You squeezed them out and pushed them aside!
So, I will rescue My sheep,
And no more will they serve as [your] plunder;
For, between ram and ram, I will judge.
'

The Condemnation of the Goats

Then, what about 'the goats' of Jesus' prophecy (or the rams of EzekiEl's Prophecy)? The fact that Jesus said that they will be 'cursed into the fire of the ages that was prepared for the Opposer and his messengers,' shows that they aren't the ones who are just considered to be 'the unrighteous;' for Paul (the Apostle), when speaking in his own defense before the Jewish religious court (Sanhedrin) said in reference to the Pharisees (at Acts 24:15): 'And I have this hope in God, which they (the Pharisees) also share, that there's going to be a resurrection of the righteous and the unrighteous.'

So according to Paul, the unrighteous will also be resurrected. Therefore, it appears as though the 'goats' or 'rams' are a third group that is mixed in among the sheep but are not the 'unrighteous' who will be resurrected. So if Jesus was really quoting from the prophecy of EzekiEl, he was likely talking about those 'Christian' leaders who have been mistreating and misleading his flock of 'sheep,' and he was saying that these won't be resurrected, but that they will forever gone. For notice that he said (in verse 46): 'Then these will go off into age-long (aiōniŏn) punishment (kolasin), but the righteous into age-long life.'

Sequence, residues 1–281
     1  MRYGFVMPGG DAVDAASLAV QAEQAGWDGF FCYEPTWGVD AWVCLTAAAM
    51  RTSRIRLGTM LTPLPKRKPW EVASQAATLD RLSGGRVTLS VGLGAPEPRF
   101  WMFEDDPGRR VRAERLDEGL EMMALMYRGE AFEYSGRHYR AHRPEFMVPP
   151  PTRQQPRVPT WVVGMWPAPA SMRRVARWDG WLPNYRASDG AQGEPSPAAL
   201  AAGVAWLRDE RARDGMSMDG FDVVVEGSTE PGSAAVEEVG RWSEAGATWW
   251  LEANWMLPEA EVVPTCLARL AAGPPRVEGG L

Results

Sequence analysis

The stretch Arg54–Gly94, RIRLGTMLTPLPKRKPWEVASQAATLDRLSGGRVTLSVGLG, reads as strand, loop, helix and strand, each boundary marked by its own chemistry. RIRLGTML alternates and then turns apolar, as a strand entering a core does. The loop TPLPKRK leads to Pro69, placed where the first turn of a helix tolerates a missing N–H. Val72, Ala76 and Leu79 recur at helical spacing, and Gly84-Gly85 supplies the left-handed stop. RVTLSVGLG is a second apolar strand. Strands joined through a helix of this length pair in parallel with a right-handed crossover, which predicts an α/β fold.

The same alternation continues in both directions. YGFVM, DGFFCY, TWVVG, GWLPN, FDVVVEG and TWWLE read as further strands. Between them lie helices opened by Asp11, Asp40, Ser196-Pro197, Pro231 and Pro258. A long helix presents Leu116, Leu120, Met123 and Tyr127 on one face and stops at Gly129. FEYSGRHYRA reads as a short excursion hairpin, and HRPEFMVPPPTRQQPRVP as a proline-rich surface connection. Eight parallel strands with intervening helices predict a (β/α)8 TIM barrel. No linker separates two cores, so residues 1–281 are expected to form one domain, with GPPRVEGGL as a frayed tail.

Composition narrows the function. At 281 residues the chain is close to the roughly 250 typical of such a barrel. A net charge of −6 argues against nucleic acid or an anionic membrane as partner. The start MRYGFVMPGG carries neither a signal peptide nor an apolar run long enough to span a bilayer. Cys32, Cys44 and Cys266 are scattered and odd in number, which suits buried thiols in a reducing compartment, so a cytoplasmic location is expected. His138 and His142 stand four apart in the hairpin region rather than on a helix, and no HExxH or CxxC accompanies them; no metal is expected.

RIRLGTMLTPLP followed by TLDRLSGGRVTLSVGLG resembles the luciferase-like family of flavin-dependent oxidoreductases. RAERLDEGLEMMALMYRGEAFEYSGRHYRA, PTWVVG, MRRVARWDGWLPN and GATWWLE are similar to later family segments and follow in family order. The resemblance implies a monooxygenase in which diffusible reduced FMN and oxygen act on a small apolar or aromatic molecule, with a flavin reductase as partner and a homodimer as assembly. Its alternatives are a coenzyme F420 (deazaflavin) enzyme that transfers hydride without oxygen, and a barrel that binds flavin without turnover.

Doing Good for Jesus' Brothers

What is the basis of the judgment which determines who the 'sheep' are and who the 'goats' are? As Jesus said, it all depends on how they treat his 'brothers.' And just who are Jesus' brothers? He said (at Matthew 12:49): 'Whoever does all that my Father in heaven wishes is my brother, sister, and mother.'

So, it appears as though Jesus answered this question. For although some teach that Jesus' 'brothers' consist of a special group who are found so righteous that they are chosen by God and given the reward of life in heaven (the 'Saints'); Jesus said that whoever does God's Will is his brother. Thus it appears as though we can all be found to be sheep if we will simply show love for each other and care for each other's need during periods of trial.

Then, are we saying that Jesus' words about the sheep and the goats in Matthew 25 are corrupted, and that the prophecy in Ezekiel 34:17 is what he quoting? This is what we have concluded. But unfortunately, as is true in the case of other questionable scriptures found in Matthew (6:10, 24:3, and 28:19, 20), we don't have any parallel accounts in Mark, Luke, or John to prove exactly what he actually said or what he may have been quoting. However, it is strange that Mark (who evidence shows wrote his Gospel in Greek based on the Aramaic Gospel of Matthew) and Luke (who also referenced the Gospel of Matthew when researching his Gospel account) would have missed these words if they were as important to Christians then as they are considered to be to us today.

To return to the previous document, select the Back arrow on your browser

Home Page